Duluth’s Parks and Recreation division released guidelines today advising citizens how to use city parks and trails in a manner that will reduce the transmission of the COVID-19 virus. March and April are also the months when snow is melting and trails can be easily damaged.
So, where is it OK to hike and how is it done safely?
Presented in order from my Instagram account @lakesuperioraquaman. These chronicle the freezing over and thawing out of the harbor, from 12/31 to 2/7. Each picture was taken from out behind Vikre Distillery after one Salty Dog.
Josh Rude’s work through his company Glørud Design (his family’s original Norwegian name), is probably most visible in the stylish paddles he’s been making and selling at various locations around the area. He also works that style and attention to detail into larger and smaller-scale pieces such as cabinets, tables and vases. This week, we look at some other pieces that he has made, and a brief history of his path as a woodworker.
JR: Glørud Design is a wood shop in Duluth’s harbor front that focuses on custom woodwork and furniture, as well as paddles for canoe, kayak and stand up paddlers. I’ve been doing this for five years.
I grew up in a small town in northwest Minnesota, where working with your hands was a way of life. I always found great joy in being outdoors, spending time on my grandparents farm or being in the woods. The natural environment was always a draw, setting the stage for my work.
There is not a single route that led me to this work. While in university and graduate school I worked with a small construction company owned by my uncle, giving me an understanding of the use of tools. In the summers I would work as a canoe guide on the Gunflint Trail, setting the stage for paddle making. The first summer I guided is where I also met my wife, Natalie (Studio Haiku), for whom the first paddle was made.
I’ve been a bit obsessed with planning human-powered multisport adventures in Northeastern Minnesota. Even within Duluth city limits, the options for loops are nearly endless. I was curious if anyone else out there had done similar trips in the past. Then I thought about how cool it would be to have a documentation of many routes for others to explore, want to replicate, or spur their creativity for a new route/loop. And Duluth Adventures was born!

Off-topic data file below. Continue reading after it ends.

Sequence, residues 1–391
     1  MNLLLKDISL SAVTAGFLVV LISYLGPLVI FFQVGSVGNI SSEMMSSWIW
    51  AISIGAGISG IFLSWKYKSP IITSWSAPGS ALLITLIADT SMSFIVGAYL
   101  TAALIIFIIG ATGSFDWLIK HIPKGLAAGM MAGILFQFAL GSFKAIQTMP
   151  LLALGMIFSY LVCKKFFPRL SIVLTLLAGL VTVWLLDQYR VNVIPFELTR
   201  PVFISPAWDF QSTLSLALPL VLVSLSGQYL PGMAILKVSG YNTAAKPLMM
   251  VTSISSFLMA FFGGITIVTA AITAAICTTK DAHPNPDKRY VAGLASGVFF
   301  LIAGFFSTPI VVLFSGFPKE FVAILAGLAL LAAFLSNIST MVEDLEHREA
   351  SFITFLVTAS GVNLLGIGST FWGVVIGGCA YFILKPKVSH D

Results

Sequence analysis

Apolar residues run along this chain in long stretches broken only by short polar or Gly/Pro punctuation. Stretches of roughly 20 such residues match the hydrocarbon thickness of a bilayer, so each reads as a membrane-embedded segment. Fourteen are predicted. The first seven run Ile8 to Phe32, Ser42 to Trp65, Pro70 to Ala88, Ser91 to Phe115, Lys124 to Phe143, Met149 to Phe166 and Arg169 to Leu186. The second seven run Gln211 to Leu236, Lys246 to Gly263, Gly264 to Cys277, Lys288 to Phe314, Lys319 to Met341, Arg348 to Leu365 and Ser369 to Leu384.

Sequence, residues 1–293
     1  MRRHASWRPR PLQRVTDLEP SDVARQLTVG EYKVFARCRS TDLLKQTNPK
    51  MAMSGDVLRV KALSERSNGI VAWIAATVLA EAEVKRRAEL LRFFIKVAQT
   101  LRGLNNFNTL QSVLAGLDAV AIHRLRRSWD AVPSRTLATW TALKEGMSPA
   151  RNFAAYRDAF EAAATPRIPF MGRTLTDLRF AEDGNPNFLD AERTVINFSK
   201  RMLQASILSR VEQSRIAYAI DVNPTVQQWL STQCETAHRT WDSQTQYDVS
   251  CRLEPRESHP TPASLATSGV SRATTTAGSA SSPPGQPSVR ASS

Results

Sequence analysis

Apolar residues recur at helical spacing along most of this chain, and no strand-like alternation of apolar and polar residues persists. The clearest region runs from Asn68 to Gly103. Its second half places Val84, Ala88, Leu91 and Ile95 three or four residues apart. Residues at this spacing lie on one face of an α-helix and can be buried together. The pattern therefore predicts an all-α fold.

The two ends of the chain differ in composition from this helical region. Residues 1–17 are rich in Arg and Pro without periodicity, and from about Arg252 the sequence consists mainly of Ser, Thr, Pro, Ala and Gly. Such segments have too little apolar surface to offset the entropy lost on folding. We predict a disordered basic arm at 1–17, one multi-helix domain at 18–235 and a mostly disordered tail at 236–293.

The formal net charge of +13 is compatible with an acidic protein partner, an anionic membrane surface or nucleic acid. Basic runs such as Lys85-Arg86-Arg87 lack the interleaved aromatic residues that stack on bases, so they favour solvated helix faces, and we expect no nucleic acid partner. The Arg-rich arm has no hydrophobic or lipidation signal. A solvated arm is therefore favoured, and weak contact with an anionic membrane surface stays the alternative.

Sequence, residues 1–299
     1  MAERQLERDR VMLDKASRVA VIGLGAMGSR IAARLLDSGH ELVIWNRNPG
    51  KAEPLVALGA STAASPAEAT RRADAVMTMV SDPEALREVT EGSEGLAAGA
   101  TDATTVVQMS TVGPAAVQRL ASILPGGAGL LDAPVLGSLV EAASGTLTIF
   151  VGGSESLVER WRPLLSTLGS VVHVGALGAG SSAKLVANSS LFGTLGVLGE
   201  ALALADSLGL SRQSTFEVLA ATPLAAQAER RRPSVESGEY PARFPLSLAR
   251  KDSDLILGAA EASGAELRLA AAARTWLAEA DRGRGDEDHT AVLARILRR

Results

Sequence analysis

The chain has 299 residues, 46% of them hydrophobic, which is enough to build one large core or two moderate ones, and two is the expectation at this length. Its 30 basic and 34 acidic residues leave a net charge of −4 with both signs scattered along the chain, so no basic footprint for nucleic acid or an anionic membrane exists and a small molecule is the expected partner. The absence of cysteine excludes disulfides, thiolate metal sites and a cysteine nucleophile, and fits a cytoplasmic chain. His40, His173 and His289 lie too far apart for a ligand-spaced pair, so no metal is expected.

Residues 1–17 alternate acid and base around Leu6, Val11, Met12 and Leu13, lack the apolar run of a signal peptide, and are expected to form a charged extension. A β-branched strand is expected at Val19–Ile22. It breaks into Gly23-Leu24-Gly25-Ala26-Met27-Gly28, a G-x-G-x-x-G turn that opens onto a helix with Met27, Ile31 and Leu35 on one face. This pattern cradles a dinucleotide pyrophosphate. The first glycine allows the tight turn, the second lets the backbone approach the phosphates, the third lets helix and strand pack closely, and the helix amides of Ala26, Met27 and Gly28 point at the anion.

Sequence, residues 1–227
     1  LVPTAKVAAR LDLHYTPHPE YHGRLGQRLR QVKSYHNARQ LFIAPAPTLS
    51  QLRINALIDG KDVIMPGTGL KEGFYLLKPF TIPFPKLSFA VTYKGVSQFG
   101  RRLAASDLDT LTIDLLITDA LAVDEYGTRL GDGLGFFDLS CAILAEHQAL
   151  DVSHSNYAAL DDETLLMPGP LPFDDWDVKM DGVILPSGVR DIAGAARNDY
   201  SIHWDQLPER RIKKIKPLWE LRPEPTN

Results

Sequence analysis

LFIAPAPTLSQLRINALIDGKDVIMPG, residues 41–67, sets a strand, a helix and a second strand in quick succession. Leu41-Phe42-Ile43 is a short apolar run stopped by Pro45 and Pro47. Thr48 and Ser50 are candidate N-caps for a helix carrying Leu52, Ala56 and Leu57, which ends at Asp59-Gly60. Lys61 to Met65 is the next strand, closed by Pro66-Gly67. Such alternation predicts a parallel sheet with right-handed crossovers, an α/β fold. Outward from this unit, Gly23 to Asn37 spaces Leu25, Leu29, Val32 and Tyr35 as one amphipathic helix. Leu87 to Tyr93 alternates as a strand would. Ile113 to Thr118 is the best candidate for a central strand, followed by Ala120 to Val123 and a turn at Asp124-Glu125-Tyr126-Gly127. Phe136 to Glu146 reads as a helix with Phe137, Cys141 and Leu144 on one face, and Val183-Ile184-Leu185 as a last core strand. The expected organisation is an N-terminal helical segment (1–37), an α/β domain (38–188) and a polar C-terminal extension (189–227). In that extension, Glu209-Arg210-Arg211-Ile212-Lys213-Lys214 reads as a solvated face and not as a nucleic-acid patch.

Check out duluthadventures.com. This website pretty much hinges on other people’s submissions so I strongly encourage anyone to navigate to the “submit” button and send in their own routes.
Thank you, distinguished citizens, for conferring upon me this office of Snow-Fort City Mayor. It is no small honor to assume my half-imaginary duties in this pop-up, collaborative, city-planning art fantasy at the edge of Lake Superior. “City” is an aspirational term for this arrangement of snow walls and monuments in Duluth’s Leif Erickson Park. Snow-Fort City’s true location lies somewhere within our skulls — like all cities. My Facebook post initiating construction was shared more than a hundred times in just a few hours, and it attracted the Duluth News-Tribune and KBJR-6/CBS-3, which tells me the vision of the snow-fort city is the real object. Almost none of the post-sharers, newspaper readers, or TV viewers made it down to the actual Snow-Fort City. They are content to view it with their eyes closed, in its most pure form: the Platonic one.
It literally came to me in a vision, like the origin of so many great cities. In a way, like Duluth itself. I remember the words of George Nettleton’s wife from 1856, when her husband’s mind swam with dreams of Duluth-as-future-city: “I thought he had a pretty long head to see that there was going to be a city here sometime when there was then nothing” (Duluth: An Illustrated History of the Zenith City by Glenn N. Sandvik).
#snowfortcity day 6. Leif Erikson Park. The fort of the tree people is the most durable and impressive structure so far. Albeit unfinished, the vision and craft of its architects (principally Morgan Pirsig) is impressive.